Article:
Incest is a Social Problem
Incest is a Social Problem
One out of every ten homes is not a home, but the cell of an incest victim, a child waiting in terror night after night, hoping against experience that her father will not come to her room tonight, that her body and trust will not be violated again (Vander Mey & Neff, 1986). I brought up the topic of incest in a conversation I was having with some close friends and out of the 5 people I was talking with, only one did not laugh at least once during the conversation. Does this mean that we find the topic of incest something that both parties are consenting to or that the underlying problem of child abuse is not recognized because this abuse is within your family? A document from the Rape, Abuse & Incest National Network (2009) describes incest as sexual contact between persons who are so closely related that their marriage is illegal (e.g., parents and children, uncles/aunts and nieces/nephews, etc.). This usually takes the form of an older family member sexually abusing a child or adolescent. Incest by a female (mother) is generally viewed as untrue because as a society we turn a blind eye to the fact that someone who is supposed to support us, teach us how to be a mother and be the shoulder to cry on could ever be the one to hurt a child sexually. Incest against females by females has added to the social issue of Incest because as society we are in denial. The social issue of incest has yet to be addressed as an ongoing problem as many people believe that it only happens once and that the person responsible feels guilty and does not do it again. Reality is that even if guilty many continue to abuse their children sexually “I remember that I touched my daughter about 60 or 70 times and a lot o those times we had intercourse. I usually felt really guilty about this and didn’t know how to deal with it” (Martens, 1988). As a society we are quick to place blame on anyone but the real perpetrator but to overcome this social issue we all need to work together to support those involved.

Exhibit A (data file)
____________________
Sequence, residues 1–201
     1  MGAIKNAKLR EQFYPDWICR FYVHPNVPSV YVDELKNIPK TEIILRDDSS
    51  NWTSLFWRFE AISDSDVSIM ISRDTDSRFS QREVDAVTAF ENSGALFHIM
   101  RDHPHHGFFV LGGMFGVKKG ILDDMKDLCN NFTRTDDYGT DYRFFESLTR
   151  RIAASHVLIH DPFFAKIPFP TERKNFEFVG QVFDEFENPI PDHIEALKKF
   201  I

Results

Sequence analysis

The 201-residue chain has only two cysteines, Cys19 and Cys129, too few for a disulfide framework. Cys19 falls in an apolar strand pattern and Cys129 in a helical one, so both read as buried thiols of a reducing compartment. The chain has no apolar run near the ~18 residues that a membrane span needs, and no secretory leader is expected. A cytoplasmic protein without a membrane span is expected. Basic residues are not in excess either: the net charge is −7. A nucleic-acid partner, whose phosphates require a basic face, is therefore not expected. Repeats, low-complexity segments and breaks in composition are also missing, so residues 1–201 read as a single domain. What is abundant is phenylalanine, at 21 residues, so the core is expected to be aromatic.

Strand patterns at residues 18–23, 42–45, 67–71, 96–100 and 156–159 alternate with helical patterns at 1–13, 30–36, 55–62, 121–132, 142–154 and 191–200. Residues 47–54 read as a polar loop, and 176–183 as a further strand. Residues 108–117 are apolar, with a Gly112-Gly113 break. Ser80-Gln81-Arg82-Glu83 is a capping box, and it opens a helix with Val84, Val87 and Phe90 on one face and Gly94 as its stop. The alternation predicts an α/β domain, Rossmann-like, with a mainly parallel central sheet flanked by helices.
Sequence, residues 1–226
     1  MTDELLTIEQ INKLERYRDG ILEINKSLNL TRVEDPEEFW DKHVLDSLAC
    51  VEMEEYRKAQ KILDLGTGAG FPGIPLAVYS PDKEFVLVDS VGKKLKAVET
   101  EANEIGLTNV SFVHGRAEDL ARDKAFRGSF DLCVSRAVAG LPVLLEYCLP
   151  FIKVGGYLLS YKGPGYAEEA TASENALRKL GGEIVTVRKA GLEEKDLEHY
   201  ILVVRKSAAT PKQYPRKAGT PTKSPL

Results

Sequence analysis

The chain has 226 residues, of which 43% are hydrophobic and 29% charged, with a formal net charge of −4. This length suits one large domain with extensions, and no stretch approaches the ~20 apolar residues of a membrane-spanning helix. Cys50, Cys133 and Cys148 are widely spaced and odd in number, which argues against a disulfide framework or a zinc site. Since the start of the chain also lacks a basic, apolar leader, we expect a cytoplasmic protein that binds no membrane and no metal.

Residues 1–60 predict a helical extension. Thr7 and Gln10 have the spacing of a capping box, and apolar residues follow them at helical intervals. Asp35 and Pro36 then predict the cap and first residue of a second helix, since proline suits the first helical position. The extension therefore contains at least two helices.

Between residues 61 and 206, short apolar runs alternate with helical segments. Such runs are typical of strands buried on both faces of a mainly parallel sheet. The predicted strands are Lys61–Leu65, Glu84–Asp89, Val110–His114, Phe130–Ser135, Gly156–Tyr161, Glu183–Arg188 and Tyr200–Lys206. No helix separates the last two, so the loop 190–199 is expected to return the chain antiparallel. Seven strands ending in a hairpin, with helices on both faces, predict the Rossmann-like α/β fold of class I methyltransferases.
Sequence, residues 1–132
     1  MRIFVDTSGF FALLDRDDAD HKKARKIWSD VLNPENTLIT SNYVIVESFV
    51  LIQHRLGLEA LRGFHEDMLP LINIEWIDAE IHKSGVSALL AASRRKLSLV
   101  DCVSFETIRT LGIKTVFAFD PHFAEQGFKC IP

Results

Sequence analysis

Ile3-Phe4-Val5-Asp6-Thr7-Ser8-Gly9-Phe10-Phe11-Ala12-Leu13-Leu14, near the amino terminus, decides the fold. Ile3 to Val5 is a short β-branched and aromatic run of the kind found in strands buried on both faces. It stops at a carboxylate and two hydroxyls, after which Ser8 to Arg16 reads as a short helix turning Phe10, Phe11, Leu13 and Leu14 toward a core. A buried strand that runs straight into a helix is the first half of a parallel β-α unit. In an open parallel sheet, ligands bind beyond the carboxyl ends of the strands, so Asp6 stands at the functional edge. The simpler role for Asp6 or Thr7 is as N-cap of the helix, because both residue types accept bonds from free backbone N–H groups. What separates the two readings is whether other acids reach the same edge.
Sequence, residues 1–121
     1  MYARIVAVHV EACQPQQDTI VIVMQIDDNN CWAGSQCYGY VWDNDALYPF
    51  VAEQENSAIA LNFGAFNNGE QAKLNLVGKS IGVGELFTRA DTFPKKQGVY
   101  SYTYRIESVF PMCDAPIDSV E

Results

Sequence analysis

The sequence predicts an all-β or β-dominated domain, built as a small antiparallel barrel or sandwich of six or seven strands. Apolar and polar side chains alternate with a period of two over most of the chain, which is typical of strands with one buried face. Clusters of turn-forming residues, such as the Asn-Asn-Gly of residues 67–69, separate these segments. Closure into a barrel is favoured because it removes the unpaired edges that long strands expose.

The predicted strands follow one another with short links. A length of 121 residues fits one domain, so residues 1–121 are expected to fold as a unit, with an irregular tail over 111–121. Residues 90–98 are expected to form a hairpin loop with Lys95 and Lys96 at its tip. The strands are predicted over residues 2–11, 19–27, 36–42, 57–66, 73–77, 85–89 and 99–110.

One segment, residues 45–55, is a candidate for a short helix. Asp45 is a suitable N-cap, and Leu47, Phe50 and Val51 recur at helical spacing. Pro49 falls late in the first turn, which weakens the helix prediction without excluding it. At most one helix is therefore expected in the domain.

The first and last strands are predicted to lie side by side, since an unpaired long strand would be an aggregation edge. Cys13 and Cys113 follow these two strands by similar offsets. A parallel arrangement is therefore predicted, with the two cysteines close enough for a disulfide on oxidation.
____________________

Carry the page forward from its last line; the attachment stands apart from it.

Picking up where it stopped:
Who Does this Issue Affect?
The issue of Incest affects infants, toddlers, boys, girls, men and women varying in ages from birth to death. With incest defined as an act that is brought on by an older relative in families it is easy to assume that most Incest molesters wait until the child is old enough to know what is happening to them or at an age where experimentation is expected. This is not the case in Wiehe (1997) describes a respondent to his research as saying “Sexual abuse was a part of my life from the time I was an infant. The age of 3 months is the earliest memory I have.” How is someone who is 3 months old supposed to protect themselves, they cannot tell us that they have been hurt, who is responsible for the care of this 3 month old if it is the mother/father causing the abuse. Wiehe (1997) reports that in most cases of his research, the perpetrator of the abuse was an older brother or sister, generally 3 to 10 years older. He also reports that the younger sibling may have become a victim of the older sibling abuse because of a lack of knowledge regarding how to prevent sexual abuse. The Rape, Abuse & Incest National Network (2009) suggests that there are very few reliable statistics on how often incest occurs. It is difficult to know how many people are affected by incest because many incest situations never get reported. Ogilvie (2004) found that females are more likely than males to be victims of childhood sexual abuse. There are many myths floating around about victims, the topic of incest and the results. Some myths include
“MYTH - Incest mainly takes place in "dysfunctional", working-class families. FACT- Incest occurs in families of every description and across all socio-economic groupings. Research indicates that there is little to distinguish between families where incest takes place and those where it...
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